Smart City Kids Offers New Services For Special Needs Children

Wendy Federico. Photo by Kevin Stuman.

With a vast array of schools to choose from, it can be easy for any family to feel daunted or overwhelmed during the process of finding the right school for them. That’s where Smart City Kids (SCK) comes in. SCK is a company of educational consultants who provide expert advice, guidance, and emotional support to guide families to a school that’s a perfect fit for their child, and while they have been a longtime resource for parents in the midst of the school choice or application process, SCK has recently broadened their services to include specific offerings for parents of children with learning disabilities and/or special needs.

Among many services, SCK offers workshops to support teachers and educators in identifying and navigating difficult conversations with parents; they also recommend schools that serve children with special needs and help families through the admissions process.

Once a family begins the school choice process with their special needs child at SCK, they meet with Wendy Federico, SCK’s Special Needs Advisor and Advocate. Federico is a former admissions director at two NYC special education schools with 30 years of experience under her belt (her background is in clinical social work, early childhood education, and school administration), a former ISAAGNY board member, and a loving mother and grandmother. Her job is to get a sense of a student’s past performance in school, as well as the parents’ understanding of their child’s needs, and the goals and expectations that they have for them. She reviews the documentation the family brings to her, and then does an informal assessment in order to get a sense of where the student’s current level of functioning is for students who might be struggling through mainstream schools. She also assists families with executing strategies for pursuing both mainstream and special education options from nursery school through college, and provides referrals and recommendations to nursery schools looking to identify support services for their students.

“I’ve been in the world of special education for so long that I know the discrete differences [between schools],” Federico explains. “Some schools are for children with social-emotional needs, some are for children who are so bright but have dyslexia and move on to very credible and reputable colleges, some children are on the autistic spectrum, so it’s really very varied…for example, if it shows the child has more social-emotional needs, that will dictate my outreach efforts to different schools.”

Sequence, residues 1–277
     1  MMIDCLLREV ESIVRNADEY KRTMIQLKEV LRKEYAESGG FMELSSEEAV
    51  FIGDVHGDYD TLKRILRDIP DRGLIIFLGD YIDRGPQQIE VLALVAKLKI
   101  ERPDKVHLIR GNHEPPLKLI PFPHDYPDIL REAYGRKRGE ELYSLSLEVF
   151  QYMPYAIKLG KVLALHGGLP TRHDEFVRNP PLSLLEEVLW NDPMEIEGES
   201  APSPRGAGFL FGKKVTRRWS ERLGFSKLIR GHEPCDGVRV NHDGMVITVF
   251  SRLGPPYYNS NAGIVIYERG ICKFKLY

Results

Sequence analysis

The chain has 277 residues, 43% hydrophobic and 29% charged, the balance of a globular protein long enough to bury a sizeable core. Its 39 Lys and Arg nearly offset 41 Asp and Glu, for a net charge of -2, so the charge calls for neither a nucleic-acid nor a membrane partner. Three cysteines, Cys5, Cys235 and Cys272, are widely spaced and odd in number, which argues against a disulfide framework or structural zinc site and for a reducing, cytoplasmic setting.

As part of SCK’s special needs offerings, Federico reviews the child’s neuropsychological evaluation or refers them to one of the evaluators in her “Parents Survival Kit for the Special Education Process.” This kit includes everything from a list of lawyers specializing in educational advocacy to a tour checklist for families to bring on prospective school visits. She then visits the child’s current school (if the parents allow) to speak with their teacher and all others who’ve worked with them to see what supports are already in place and whether they’ve been successful. Once she identifies where exactly the child is struggling, she searches for an alternative program that would be better suited for the child’s specific needs.

Since each specialized school has a unique profile, Federico makes it her business to be familiar with all of them: “If I am working with a family of a child who is autistic there are very specific programs for that child. If the child is dyslexic, with no co-morbid diagnoses, I would look at the schools that cater to that population.”

From her experience, Federico has found the most difficult part of the entire process is not actually finding the school, but helping parents accept that the academic goals they may have held for their child may have to change. “It’s almost like mourning the loss of their perfect child,” she says, adding that, often, the parents have their heart set on a certain school, but that school just isn’t the most fitting for their child’s needs.

Federico assures parents that in the appropriate setting, their child will thrive. She calls this the “Aha Moment”—when parents can finally take a deep breath and know that their child is safe and supported, their needs will be met, and they are being nurtured in the proper school for them.

Federico believes the new Special Education arm of SCK will grow and thrive because it fills a need in New York City. “NYC parents want optimal [results],” she notes. “Although public schools are mandated to provide support for children with special needs, this can range to anything from self-contained classes of special need students to research rooms where students are pulled out of class for at least five hours a week to receive additional support.”

Parents looking for a highly specialized school for their special needs child should know that these types of schools typically cap classes at 12 students with two teachers. These teachers will at least have their Master’s in Special Education, and social workers, psychologists, and other support staff will usually be readily available. These resources can make all the difference for a child who comes home wondering why they’re being bullied for their speech impediment, or why can’t read as well as their peers. For a student with significant language needs, for example, the switch to a school that offers individualized support from a speech pathologist five days a week is absolutely invaluable.

At the end of the day, even though the process can be daunting, it’s all worth it when a family can watch their child thrive, regardless of how they learn. “I always say there is a program somewhere for every child,” Federico says.

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